My Best Friends Don’t Know I Exist


true crime Not to brag, but I have two absolutely amazing best friends. I listen to their banter and laugh so hard that sometimes my dogs will wake up from their peaceful slumber to check to see if I’m ok. They’ve gotten me through some truly exhausting times like our family’s move to Indiana from Texas, unpacking our new home, navigating through the pandemic chaos, and dealing with the anxiety and stress of being a mom of two. They stayed up with me through the nights when I questioned whether or not I could be a SAHM or if I’d hate myself forever for wanting to go back to work. 

Through all of that, I’ve also made sure to be a great friend to them too. Through the birth of one of their kids, to the engagement of the other, to their loss of their fur baby, and sending good vibes when their family came down with COVID. My support for them has never wavered. These two lovely ladies, Ash Kelly and Alaine Urkhart have been a wonderful constant in my life through all this and more. 

Here’s the thing, though, these two amazing and inspiring women don’t even know I exist. I know you’re wondering to yourself, how the heck is that possible? Are you a stalker? Should you reach out to them and let them know they have a deranged person listening in on their chats? I admit I am a bit of a weirdo, but Ash and Alaine are two hosts of my favorite podcast: Morbid a True Crime podcast. 

Now you’re saying, “Oooooh, so you’re just a lonely weirdo who thinks these famous people actually think you exist.” 

Ok, ouch, but yeah, sort of. But before I delve into that, have you taken a moment to recognize the irony that we’ve essentially gone back to enjoying something very similar to the radio? According to a study by Edison Research and Triton Digital, 41% of Americans listen to podcasts monthly. It makes me laugh to think that we’ve reverted back to one of the very first mediums as a way to connect with one another. The ease of finding relevant, inspiring, or relaxing content has more and more individuals tuning in and listening to hosts share information with them. The fact that wireless headphones and smart speakers are more accessible has also helped tremendously. 

I personally began leaning heavily into podcasting right before the pandemic when I had an hour-long commute to and from work. I wanted to maximize the time that I spent sitting on the bus in Austin traffic, which I do not miss by the way, and the best way to do so was by finding content related to business, daily events, and HR. 

But when the pandemic hit and I left my job due to stress, I no longer wanted to focus on that kind of content. Not only because it depressed me to think that I ‘failed,’ a trauma we can discuss another time. I really wanted to pursue more of my other interests, like homeschooling, Montessori, spending time outdoors, becoming a more zen parent, and, my favorite topic of all, true crime.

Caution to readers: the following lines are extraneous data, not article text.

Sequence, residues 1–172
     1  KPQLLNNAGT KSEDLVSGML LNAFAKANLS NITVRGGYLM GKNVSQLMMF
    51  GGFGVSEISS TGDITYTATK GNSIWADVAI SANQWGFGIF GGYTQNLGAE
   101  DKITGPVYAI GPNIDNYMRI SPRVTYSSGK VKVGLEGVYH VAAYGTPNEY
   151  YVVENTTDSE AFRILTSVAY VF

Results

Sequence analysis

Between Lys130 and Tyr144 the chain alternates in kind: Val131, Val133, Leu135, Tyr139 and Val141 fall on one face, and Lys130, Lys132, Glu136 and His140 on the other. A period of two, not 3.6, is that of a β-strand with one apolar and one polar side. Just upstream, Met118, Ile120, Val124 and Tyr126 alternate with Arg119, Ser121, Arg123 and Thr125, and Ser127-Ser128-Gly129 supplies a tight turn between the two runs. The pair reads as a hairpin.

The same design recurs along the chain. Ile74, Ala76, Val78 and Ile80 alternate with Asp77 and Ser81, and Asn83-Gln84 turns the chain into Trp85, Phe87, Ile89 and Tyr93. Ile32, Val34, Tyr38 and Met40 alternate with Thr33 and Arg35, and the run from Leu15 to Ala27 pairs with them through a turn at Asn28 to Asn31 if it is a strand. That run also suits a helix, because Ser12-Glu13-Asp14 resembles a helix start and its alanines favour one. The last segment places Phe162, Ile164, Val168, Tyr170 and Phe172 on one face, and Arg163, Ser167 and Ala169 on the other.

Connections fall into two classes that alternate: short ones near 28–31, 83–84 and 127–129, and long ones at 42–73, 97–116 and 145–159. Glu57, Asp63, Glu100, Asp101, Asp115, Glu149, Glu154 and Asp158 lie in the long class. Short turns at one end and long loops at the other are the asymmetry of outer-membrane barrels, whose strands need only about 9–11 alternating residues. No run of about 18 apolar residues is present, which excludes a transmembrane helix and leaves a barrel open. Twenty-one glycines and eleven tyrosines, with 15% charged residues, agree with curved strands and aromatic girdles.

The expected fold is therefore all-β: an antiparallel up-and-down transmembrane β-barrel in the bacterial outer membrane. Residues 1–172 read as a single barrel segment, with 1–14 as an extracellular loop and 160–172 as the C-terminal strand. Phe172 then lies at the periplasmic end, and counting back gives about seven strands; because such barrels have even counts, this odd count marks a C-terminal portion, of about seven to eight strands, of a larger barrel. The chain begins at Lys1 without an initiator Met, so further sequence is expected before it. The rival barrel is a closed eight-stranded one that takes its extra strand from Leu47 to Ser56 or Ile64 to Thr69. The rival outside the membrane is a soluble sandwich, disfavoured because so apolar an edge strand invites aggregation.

While I wanted a true crime podcast that was well researched and focused on the victims just as much as their offenders, I didn’t think I’d find hosts that helped fill that desire I had to connect with others. Let’s face it, the pandemic was incredibly lonely, even more so when I no longer had the outlet of chatting with coworkers. How could I make those connections I needed while we were on lockdown? 

Listening to podcasts made this easy. I could pop an airpod into my ear while cooking meals while pleading with my kids to take a nap in the middle of the day or late at night when the anxiety of our situation and the sadness of being cut off from my extended family were so overwhelming. 

I went through many true crime podcasts; some I barely gave a chance because the editing wasn’t great, or the host’s voice made me cringe, others I didn’t return to because of the lack of research and/or empathy for those involved. 

Then I found Ash and Alaina, two sisters who loved each other, who were willing to share parts of their life while telling the story of victims so respectfully with just a hint of humor on the part of the jerks who took their lives. It’s refreshing to have others understand my morbid (as Ash would say ‘™’) curiosity and interest when it comes to the nature/nurture aspect of killers and the chances that have occurred in the lives of their victims to have their paths cross. I also love that Alaine is part of the same generation and benefits from Ash’s ability to guide us millennials into the world of TikTok and other ‘young people’ antics. 

I am forever grateful to the community these two have created and allowed me and so many others to partake in. Many of us weirdos know we have a friend in one another because of our connection to this true crime podcast. I proudly contribute to their Patreon and eagerly await the day when I can see these lovely ladies live and tell them, ‘Thank you for being a weirdo.’ 

Do you listen to Morbid? Or are there other podcast/podcast hosts with whom you feel a connection? 


  1. Loved reading this – Ash & Alaina have this charismatic vibe that’s easy to relate to. As a SAHM who also quit work during the pandemic I resonated with your story.

    • I’m so glad that you enjoyed it! And your name is amazing lol!!! Ash and Alaina still help me get through the stress of my days. <3

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